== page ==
For many people, imposter syndrome is a real and persistent experience that can affect confidence, performance, and well-being. Imposter syndrome can manifest as self-doubt, fear of failure, perfectionism, and overcompensation. It can also be reinforced by external factors such as biases, stereotypes, and social comparisons.

As a professional who has faced imposter syndrome at different stages of my career, I want to raise awareness and offer some tips for overcoming or managing this challenge. First, it’s important to recognize that imposter syndrome is a common and normal reaction to new or challenging situations. Many successful and accomplished people have admitted to feeling like imposters, including Nobel laureates, CEOs, and athletes.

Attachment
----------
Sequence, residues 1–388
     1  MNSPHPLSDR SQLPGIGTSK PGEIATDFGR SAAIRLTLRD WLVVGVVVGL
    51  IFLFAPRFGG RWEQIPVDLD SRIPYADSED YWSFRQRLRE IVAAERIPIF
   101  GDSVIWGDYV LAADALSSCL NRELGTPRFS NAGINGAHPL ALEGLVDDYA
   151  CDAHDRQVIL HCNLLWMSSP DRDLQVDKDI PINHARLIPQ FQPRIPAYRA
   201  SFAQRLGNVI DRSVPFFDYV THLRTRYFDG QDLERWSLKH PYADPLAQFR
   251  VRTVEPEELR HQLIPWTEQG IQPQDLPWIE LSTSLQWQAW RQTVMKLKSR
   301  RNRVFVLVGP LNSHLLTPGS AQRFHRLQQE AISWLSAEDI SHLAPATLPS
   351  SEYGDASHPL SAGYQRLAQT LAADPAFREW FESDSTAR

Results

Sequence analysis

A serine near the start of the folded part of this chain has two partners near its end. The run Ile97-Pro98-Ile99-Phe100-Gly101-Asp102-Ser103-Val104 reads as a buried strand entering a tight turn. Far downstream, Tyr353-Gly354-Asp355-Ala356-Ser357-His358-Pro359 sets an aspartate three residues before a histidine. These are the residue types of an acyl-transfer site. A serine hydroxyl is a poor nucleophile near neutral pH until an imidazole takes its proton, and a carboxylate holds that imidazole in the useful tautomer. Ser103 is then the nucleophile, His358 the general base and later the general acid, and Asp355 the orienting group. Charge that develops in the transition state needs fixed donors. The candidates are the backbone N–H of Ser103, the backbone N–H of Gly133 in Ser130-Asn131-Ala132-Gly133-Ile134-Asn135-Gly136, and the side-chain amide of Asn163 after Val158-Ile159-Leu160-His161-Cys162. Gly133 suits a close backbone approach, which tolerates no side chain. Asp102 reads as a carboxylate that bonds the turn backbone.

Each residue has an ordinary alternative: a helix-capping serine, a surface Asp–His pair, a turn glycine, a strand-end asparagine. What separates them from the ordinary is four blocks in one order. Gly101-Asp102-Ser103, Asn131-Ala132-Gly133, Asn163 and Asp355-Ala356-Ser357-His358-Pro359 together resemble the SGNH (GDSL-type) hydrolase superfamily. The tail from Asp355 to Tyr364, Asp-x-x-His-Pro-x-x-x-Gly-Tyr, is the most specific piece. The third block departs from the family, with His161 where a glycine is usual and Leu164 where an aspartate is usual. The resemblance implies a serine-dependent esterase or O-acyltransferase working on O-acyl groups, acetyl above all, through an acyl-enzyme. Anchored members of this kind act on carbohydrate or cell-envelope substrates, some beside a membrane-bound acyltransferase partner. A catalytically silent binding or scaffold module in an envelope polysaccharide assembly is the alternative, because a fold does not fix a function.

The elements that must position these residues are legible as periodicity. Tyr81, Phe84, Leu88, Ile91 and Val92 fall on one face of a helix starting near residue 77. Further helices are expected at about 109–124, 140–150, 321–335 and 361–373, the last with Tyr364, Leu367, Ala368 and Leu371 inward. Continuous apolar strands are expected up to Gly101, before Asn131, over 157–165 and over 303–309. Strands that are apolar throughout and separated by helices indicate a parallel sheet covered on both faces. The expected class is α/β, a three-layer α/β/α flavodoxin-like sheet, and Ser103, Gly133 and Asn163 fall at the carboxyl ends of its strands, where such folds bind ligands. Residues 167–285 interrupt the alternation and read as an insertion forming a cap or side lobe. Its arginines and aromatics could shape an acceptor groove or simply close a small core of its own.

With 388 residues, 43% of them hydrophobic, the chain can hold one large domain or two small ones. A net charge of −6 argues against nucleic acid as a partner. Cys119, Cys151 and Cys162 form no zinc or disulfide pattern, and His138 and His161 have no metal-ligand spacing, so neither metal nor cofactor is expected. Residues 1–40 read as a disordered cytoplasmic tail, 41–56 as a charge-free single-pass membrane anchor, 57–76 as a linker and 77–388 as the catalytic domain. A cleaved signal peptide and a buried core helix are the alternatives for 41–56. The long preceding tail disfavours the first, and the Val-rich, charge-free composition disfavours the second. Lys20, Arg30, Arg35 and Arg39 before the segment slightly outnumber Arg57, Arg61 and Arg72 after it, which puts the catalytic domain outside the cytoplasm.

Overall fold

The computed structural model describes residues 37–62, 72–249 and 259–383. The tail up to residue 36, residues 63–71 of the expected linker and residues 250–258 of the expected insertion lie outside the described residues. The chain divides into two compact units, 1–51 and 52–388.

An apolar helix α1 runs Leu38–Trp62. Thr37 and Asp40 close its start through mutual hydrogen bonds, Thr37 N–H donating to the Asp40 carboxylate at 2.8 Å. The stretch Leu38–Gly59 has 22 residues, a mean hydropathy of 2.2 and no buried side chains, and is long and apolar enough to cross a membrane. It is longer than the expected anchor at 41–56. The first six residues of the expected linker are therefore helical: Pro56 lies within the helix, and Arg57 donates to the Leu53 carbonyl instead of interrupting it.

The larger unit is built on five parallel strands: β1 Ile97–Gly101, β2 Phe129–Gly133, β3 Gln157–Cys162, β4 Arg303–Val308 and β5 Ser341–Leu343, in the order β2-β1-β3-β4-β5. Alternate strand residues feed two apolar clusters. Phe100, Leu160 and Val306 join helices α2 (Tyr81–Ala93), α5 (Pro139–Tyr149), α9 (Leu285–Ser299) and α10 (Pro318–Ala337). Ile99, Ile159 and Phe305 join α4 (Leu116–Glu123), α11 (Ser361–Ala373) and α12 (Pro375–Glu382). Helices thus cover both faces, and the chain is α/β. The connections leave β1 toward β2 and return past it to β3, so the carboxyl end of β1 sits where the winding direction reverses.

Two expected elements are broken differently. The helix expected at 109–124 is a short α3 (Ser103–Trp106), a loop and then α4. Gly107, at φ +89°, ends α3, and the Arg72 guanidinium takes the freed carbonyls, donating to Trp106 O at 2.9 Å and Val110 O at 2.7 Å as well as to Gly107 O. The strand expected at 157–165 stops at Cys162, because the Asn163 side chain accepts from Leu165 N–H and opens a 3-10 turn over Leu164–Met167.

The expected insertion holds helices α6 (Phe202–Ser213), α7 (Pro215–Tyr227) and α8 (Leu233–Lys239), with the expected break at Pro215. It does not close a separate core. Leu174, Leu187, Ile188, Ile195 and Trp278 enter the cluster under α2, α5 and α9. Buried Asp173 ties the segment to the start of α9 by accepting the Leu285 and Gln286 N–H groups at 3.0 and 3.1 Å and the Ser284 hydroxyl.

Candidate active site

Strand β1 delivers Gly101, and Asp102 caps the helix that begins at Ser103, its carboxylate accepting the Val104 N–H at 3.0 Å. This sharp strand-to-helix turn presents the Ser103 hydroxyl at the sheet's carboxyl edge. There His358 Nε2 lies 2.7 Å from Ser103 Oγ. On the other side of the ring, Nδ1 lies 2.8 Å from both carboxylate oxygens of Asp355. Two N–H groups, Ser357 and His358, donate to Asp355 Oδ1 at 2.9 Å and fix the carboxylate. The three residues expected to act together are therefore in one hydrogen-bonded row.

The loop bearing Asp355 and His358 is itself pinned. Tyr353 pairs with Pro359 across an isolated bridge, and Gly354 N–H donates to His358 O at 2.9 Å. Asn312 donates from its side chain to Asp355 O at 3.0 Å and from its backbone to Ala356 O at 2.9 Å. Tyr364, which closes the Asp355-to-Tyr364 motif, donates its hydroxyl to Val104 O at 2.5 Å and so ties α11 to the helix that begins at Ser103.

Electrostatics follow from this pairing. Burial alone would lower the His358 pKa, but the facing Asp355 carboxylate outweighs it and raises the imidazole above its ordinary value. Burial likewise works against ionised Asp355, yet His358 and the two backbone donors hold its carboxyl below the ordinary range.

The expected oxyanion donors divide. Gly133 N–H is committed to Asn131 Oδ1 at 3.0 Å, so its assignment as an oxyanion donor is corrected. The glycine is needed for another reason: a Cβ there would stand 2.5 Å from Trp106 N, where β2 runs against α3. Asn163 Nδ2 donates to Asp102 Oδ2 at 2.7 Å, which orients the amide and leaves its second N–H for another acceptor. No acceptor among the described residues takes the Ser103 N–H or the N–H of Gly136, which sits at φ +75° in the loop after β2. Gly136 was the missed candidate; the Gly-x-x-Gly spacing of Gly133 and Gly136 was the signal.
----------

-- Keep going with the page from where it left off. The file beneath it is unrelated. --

Second, try to separate your feelings from the facts. Just because you feel like an imposter doesn’t mean you are one. Look at your achievements, skills, and qualifications objectively, and celebrate your strengths and accomplishments. Don’t compare yourself to others or set unrealistic  goals.

Will The Real Physician Please Stand Up &Raquo; Unsplash Image 1Tns Bvy9Jk

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Sapna Shah-Haque Internal Medicine Physician

Dr. Sapna Shah-Haque, MD is a board certified Internal Medicine physician. She was born and raised in Kansas, and attended medical school at the University of Kansas [KU] School of Medicine. She completed her Internal Medicine residency at KU-Wichita as well. After experiencing burnout herself, and watching other physician colleagues burn out, it became a passion of hers to look into different aspects of burnout. While the system does need to change, as it is broken, this podcast is a way to reach physicians and possibly shed light on what is not an isolated situation.